The real cause for concern is the huge leap in the number of unemployed people who are not claiming Jobseeker’s Allowance, to 1,015,000. That’s a massive 43.7 per cent of the total workless population.

JSA

Ms McVey was probably whooping with joy when she heard that her government’s policies have discouraged so many people from claiming. It means the government isn’t paying them any money in benefits – exactly as intended.

The figures speak for themselves. The new sanctions regime started in October 2012, when the percentage of people who weren’t claiming JSA stood at just 37 per cent (around 936,100 – there were 2.53 million unemployed at the time). In the 15 months since, a further 78,900 have been discouraged from claiming by the new system, according to the Centre for Economic and Social Inclusion (CESI).

They haven’t got jobs.

In fact, they don’t have any visible means of support.

Why aren’t they claiming?

“You apply for three jobs one week and three jobs the following Sunday and Monday. Because the job centre week starts on a Tuesday it treats this as applying for six jobs in one week and none the following week. You are sanctioned for 13 weeks for failing to apply for three jobs each week.”

“You have a job interview which overruns so you arrive at your job centre appointment nine minutes late. You get sanctioned for a month.”

“Your job centre advisor suggests a job. When you go online to apply it says the job has “expired” so you don’t apply. You are sanctioned for 13 weeks.”

“You are on a workfare placement and your job centre appointment comes round. The job centre tells you to sign on then go to your placement – which you do. The placement reports you for being late and you get sanctioned for 3 months.”

These are all real experiences of real jobseekers – not scroungers, skivers or layabouts, as reported in a Vox Political article last month.

And they’re still going on. Benefit Tales published this account, from Facebook page The People vs the Government, DWP and Atos, today: “My lad been sanctioned yet again by job centre this time for not applying for enough jobs. He has applied for all those he can physically get to, we live in a rural area and buses are very limited. Yet they said he should have applied for the ones that are impossible for him to get to and from.”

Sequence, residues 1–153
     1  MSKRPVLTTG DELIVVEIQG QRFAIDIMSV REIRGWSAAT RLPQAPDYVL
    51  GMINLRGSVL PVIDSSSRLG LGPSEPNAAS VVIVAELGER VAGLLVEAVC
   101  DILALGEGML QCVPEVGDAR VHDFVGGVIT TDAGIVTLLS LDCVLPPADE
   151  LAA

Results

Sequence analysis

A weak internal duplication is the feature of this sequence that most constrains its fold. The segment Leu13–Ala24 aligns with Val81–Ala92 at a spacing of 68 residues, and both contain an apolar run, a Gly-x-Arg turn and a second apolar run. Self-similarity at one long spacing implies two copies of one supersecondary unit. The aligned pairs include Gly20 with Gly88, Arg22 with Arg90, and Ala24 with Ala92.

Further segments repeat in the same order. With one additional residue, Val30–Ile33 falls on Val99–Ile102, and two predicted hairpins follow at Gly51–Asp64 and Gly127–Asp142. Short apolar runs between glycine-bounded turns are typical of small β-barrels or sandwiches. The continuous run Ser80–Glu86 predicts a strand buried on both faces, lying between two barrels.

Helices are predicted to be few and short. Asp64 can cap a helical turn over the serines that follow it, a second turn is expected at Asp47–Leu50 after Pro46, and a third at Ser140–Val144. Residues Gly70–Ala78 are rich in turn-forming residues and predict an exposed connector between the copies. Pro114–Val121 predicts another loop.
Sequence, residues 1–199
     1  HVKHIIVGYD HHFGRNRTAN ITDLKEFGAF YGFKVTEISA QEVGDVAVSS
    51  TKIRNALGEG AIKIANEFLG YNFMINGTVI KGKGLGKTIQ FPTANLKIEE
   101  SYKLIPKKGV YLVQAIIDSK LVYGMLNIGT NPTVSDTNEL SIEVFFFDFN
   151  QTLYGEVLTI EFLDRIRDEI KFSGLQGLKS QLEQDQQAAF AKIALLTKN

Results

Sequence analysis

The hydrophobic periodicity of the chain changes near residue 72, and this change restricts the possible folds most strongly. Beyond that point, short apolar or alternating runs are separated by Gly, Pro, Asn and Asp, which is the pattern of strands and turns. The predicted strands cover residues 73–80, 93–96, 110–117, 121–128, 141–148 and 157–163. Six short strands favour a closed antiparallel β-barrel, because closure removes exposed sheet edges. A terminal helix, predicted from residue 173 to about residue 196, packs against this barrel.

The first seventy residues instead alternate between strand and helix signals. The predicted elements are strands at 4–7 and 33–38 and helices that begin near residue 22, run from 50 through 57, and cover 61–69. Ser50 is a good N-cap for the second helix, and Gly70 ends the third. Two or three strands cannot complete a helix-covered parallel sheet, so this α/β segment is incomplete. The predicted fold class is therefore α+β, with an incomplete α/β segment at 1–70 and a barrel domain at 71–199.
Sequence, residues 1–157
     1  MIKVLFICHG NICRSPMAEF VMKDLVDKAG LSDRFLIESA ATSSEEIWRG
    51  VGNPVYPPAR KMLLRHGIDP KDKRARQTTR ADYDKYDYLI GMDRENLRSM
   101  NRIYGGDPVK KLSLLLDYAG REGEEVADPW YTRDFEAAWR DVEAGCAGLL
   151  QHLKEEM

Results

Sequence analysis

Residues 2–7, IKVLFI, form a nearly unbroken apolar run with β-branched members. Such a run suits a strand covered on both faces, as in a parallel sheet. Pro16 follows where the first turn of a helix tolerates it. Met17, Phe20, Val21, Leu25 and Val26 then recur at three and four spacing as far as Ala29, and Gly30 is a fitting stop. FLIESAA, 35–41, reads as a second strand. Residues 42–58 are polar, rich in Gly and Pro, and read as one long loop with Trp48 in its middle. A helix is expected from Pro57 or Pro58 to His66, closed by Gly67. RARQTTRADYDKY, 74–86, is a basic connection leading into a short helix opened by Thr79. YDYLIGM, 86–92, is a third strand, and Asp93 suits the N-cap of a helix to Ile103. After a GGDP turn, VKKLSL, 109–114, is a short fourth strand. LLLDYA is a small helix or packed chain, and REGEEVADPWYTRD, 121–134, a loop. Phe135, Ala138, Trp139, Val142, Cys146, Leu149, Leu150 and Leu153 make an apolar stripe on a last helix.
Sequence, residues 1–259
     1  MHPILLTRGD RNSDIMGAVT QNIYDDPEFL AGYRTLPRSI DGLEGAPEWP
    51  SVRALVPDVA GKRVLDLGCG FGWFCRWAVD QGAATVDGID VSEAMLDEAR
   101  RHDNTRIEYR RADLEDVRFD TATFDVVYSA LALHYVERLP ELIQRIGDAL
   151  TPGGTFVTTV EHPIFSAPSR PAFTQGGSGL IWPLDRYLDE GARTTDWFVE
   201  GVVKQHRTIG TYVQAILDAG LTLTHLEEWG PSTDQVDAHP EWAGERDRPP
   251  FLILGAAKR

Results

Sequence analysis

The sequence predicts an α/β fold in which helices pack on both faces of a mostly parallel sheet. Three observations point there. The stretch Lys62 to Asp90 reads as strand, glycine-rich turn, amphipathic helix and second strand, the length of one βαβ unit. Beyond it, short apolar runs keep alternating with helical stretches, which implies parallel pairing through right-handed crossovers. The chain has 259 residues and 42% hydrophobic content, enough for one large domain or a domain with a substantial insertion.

So let’s all remember, next time we hear the government spouting “good news” about employment figures… It isn’t good news for everyone.

The benefit system has been perverted. It should be providing a safety net to keep people out of poverty while they find a new job.

Instead, the Coalition is bullying people into destitution and asking us to celebrate.

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Let’s start the New Year with some hopeful news

140101appeal

The Information Commissioner and the Department of Work and Pensions will have to defend, before a tribunal, their decision to refuse my Freedom of Information request on claimant mortality.

Readers will recall that this blog, along with others, has been trying to use official channels to secure publication of the number of people who died while going through the claim process for Incapacity Benefit or Employment and Support Allowance during 2012.

This process has been drawn out beyond reason; the first request for the information was made before that year ended, and it is now 2014. First, the DWP flatly refused to provide any information, saying it had no intention to publish the figures – this was despite having published a statistical release on claimant deaths in 2011. Then, after I submitted a FoI request, the claim was that it was “vexatious”, and I had launched an “orchestrated” campaign “deliberately designed to irritate or harass the department and/or disrupt its business” – all based on a line at the end of the Vox Political article on the subject, in which I suggested readers who felt strongly about it might like to submit a FoI request of their own.

The Information Commissioner upheld the DWP’s decision, claiming that the most significant factor in his decision was that “the complainant runs an on-line blog in which the main focus is the DWP and their ‘cover-up’ on the number of Incapacity Benefit and Employment and Support Allowance claimants who have died in 2012”. This is clearly unsupportable, as would be clear to anybody glancing through the blog.

In this context, it is my pleasure to announce that HM Courts and Tribunals Service has accepted my notice of appeal and a hearing will be held, with all parties present, between the end of March and mid-May, 2014. The date has yet to be confirmed.

While this has been going on, Michael Meacher MP has submitted a Parliamentary Question on the same subject (you can read about it on his blog). If he succeeds in getting the information before I can, I still intend to go ahead with the appeal.

It is important that government departments should not believe they can crush a legitimate request for information that is a matter of pubilc interest by playing fast and loose with the Freedom of Information Act.